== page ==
Actuality of Art Education at the Beginning of XX Century in East Europe: Graphic Constructions Through Gestaltung and Formenlehre in Figurative Creativities Teaching Pathways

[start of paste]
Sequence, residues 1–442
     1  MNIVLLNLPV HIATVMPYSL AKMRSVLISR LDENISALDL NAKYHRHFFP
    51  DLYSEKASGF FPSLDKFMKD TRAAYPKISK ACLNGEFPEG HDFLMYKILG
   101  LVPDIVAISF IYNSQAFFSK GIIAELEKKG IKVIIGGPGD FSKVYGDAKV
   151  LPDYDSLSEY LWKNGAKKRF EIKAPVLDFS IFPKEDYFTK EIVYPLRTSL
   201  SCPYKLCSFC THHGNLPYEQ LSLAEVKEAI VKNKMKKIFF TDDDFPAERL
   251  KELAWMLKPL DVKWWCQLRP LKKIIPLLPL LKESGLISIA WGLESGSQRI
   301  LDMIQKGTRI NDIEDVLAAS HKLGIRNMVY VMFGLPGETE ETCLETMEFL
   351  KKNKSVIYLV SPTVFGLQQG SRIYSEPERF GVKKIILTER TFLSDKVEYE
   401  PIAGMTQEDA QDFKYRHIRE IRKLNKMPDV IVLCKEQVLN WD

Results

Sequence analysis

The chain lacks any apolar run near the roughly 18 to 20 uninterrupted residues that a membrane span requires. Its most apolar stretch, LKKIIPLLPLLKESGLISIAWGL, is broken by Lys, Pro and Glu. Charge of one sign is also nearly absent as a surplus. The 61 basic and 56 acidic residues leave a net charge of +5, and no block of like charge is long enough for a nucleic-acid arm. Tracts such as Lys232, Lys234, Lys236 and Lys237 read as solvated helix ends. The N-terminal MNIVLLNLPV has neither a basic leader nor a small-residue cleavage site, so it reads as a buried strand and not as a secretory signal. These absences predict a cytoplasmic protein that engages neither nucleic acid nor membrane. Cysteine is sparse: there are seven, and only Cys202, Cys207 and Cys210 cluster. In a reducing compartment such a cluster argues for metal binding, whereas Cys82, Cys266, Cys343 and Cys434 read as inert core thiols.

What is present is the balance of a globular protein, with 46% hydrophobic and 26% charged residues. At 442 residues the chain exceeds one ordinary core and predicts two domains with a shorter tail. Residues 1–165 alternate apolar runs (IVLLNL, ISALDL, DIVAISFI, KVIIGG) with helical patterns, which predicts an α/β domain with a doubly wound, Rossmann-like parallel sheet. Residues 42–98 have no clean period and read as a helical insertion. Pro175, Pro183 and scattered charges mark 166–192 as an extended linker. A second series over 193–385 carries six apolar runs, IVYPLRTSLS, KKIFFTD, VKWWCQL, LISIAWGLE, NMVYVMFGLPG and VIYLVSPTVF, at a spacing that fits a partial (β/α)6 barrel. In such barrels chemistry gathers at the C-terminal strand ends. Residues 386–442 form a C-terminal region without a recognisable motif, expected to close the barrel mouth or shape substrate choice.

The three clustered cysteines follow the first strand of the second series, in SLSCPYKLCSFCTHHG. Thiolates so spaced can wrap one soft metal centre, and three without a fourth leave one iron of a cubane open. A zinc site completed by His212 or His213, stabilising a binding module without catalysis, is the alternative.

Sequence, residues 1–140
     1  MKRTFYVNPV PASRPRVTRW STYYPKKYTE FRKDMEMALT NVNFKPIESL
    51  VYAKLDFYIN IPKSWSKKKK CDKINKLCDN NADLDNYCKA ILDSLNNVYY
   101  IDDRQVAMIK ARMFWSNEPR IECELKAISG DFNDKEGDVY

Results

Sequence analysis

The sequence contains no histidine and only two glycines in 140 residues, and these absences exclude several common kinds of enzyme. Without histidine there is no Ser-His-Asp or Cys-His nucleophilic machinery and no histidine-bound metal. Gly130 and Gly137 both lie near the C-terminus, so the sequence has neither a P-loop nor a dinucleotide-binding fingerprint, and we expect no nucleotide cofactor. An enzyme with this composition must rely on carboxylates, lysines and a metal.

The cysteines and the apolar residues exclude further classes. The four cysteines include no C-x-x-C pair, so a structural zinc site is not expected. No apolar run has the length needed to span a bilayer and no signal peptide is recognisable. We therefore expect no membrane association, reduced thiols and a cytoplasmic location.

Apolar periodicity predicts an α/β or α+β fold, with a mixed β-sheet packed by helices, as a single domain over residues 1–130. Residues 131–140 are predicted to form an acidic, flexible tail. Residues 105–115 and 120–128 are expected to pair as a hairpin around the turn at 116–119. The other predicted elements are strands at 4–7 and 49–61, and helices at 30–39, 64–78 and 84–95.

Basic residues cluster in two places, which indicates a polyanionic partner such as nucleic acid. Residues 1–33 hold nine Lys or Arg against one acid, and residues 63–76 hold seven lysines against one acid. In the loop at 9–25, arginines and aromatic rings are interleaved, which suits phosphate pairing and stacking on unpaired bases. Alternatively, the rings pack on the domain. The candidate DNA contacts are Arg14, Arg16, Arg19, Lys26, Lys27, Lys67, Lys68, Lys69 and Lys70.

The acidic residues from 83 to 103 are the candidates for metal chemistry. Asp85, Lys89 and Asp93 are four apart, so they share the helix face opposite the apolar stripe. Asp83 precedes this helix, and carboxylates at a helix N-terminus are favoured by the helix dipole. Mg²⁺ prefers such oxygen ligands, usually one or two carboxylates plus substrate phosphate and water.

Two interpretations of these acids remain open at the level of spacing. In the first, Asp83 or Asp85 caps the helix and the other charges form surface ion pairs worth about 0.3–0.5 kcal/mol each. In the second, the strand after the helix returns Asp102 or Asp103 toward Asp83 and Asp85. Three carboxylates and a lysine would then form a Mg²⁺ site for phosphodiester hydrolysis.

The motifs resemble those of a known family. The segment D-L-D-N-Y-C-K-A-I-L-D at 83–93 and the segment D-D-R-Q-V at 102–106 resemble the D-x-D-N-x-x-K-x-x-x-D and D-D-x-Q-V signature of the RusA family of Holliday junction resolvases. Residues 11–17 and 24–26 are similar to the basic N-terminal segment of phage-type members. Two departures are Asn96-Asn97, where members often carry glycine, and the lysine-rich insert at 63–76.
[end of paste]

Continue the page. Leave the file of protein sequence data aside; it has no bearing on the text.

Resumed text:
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The great innovations in the field of the elaboration of forms and figures in the last century have often sometimes accompanied the amazement and optimism of the discovery, a methodological uncertainty shared with other fields of Knowledge. It is undeniable that the advent of information technology and representation—together with the socio-economic changes that have taken place—has laid the foundations for an irreversible ontological leap in the process of form processing, and yet very often there are references historians that can somehow inspire current theories and practices. In this sense, some interpretations considered to be classical, from Valéry to Benjamin, from Arnheim to Waburg, provide not a few substantial points for understanding contemporaneity. In this regard, the well-known pedagogical sketches by Paul Klee (1925), like the whole compendium of the notes that the Swiss artist wrote and cataloged from the first day of teaching at the Bauhaus (1921–31), contain ideas and practices that can be declined in the world of graphic informatics, parametric modeling software, but also in areas where the goal is not the control of the form as such, to the advantage of the control of the creative process. And a renewed interest in the work of Klee pedagogue is also due to the open source accessibility guaranteed by the Zentrum Paul Klee of Bremen, which allows a direct study of the sources. Another extraordinarily interesting idea is El Lisintskij’s cross-media production, which with his Proun anticipates—or inspires —the work of some of the greatest architects of the late twentieth century. El Lisintskij’s work is also characterized by the free overflow of visual arts— graphics, painting, sculpture and architecture—of compositional methods, production of stylistic elements and figurative innovations, laying the foundations for a vision of art that we could define as “total”. Other authors of the first two decades of the twentieth century have explored the potential of the renewed figurative arts: from the lucky “Point, line, surface”. Kandinsky’s Theory of form and composition of Itten, the pedagogy of the arts of the Bauhaus is, evidently, still valid as a cultural substratum for research in the architectural field, but perhaps more generally, in the figurative arts. But if the pedagogical structure of the Bauhaus and the developments of Russian constructivism are well traceable in literature, just from the exchange with these two great avant-garde experiences, all a graphic-artistic-performative production in the East-European area seems to have developed and hybridize compositional themes permuted by Bauhaus and Russian Constructivism.